John Vanderslice, the entrepreneur, musician and record producer, recently expanded his Tiny Telephone Studios to the East Bay with a brand new recording facility in Oakland.

Since 1997, Tiny Telephone has thrived in San Francisco, producing albums by Death Cab for Cutie, Spoon, The Mountain Goats, and Third Eye Blind, to more recent productions by Into It/Over It and Thao and The Get Down Stay Down. In this time, owner John Vanderslice has pumped out ten records of his own, including his last album Dagger Beach, inspired by the California landscape and tortured romanticism of personal reflection, and his unique cover of David Bowie’s Diamond Dogs.

Vanderslice moved from Florida to the Bay Area, where his quest was never fame. In fact, he retained instant controversy over this song, “Bill Gates Must Die.” Embodying his cynical and un-phased sentiment, he created a studio tucked away in the Mission District where history runs wild with a fervent creativity for musicians who grew up playing their parents’ vinyl, appreciating warmth of analogue recording and not giving a shit about trends.

We caught up with Vanderslice to talk about his newest studio Tiny Telephone Oakland, his inspiration behind analogue recording and his future endeavors.

Tell us more about the new studio you just opened in Oakland…

The interesting thing is that, like most things that end up being important and interesting in ones’ life, it ended up being more complicated and difficult, and less fun than I could ever imagine. Regarding funding, it’s basically that ‘story’ of an arts organization trying to get funding. If I was a person with cash, I don’t think an arts organization is what I’d be funding…I’d been asking people I barely knew to loan me money, and I was thinking they could go one way or the other and they’d be better off.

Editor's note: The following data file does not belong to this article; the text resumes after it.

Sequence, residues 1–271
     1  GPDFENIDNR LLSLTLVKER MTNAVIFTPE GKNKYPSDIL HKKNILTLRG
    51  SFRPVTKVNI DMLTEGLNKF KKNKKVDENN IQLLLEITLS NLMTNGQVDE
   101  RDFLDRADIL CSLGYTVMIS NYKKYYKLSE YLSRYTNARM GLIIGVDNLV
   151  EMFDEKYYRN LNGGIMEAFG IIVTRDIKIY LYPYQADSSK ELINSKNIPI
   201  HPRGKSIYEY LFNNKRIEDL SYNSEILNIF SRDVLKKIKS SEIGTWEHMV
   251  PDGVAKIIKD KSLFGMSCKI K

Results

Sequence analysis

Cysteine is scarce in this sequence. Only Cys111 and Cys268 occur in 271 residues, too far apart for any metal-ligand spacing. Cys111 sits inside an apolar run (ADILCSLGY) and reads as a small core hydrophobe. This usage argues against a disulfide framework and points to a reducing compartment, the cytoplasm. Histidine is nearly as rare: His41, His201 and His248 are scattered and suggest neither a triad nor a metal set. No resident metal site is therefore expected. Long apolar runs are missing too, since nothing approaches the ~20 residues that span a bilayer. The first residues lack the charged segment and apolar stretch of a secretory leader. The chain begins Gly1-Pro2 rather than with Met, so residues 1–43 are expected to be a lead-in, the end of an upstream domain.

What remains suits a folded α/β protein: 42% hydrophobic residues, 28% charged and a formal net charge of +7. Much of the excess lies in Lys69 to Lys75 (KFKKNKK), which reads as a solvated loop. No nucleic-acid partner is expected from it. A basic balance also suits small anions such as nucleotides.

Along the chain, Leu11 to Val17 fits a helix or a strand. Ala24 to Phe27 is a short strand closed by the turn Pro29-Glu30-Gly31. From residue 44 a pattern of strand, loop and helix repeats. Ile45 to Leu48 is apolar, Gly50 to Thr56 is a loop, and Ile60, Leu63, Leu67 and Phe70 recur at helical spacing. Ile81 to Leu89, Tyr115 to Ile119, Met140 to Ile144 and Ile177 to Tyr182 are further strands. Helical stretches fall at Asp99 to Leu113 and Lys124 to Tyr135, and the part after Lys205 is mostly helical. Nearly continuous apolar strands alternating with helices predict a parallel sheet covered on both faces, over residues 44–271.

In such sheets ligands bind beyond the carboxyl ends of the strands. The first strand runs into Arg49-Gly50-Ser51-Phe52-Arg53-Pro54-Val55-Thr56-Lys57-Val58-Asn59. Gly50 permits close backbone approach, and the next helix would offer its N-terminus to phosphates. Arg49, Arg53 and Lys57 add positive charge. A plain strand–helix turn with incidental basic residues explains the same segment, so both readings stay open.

It was an intense and painful journey for a lot of people. It took about three years from top to bottom, but the last couple months when everything started adding up, it started feeling pretty different. It opened in January, and it’s like getting a three- year old out of an insane asylum.


What made you want to expand to the East Bay?

Ego disorder. Artist are a bunch of fuckers. I’m a sicko. I’m like a drug addict running a narcotics meeting. I know all the bullshit of running a studio and I have two studios (Tiny Telephone SF) that are always sold out. I’m being kind of funny about it but it’s also really sick. You can say all this stuff distracts you from your own death or meaningless of life. I’m not trying to be intentionally dark, I’m actually a smiley happy person. I just like opening shit and functioning businesses in the arts, businesses that aren’t floated by family money. That excites me. Part of it is simply ego and I have that, like a lot of people. Once the high is gone, you look to the next venture.

What inspired you to open your own studio to begin with?  

I didn’t respect the other studios that were options for me when I was recording. They didn’t feel like they were creative, intelligently-designed spaces built to serve artists. First off, they didn’t have any instruments in them, or any taste. Studios tend to go down two roads; either DIY with very unreliable shit, or oddly enough they have too much money lying around, like why would they have this $11,000 microphone? Those places were often run by people who didn’t play music, play instruments or have any skin in the game. They felt like they were on the periphery. I never liked that vibe. I realized they weren’t created spaces, not only for me, but for anyone. There was nothing on the other side of the glass.

Recording studios also seem to be battling the emergence of home studios. Is this a concern for you as a studio owner?

I think home recording is the best thing ever. I remember hanging out in studios during the Tape Out Conference. There was a big studio that shut down and people were very split between home recording and whether the descending digital era was positive or not. To be without it is nothing but a boon because [home recording] gets people interested in recording. And what’s so good about a studio? There’s no super structure for anyone. For some people, their career thrives on a good engineer while others don’t need that. Art is completely sensitive. I grew up home recording, so for me when I heard studios diss home recording, it rubbed me the wrong way. If you’re gonna be a careerist, you have to have different phases of output.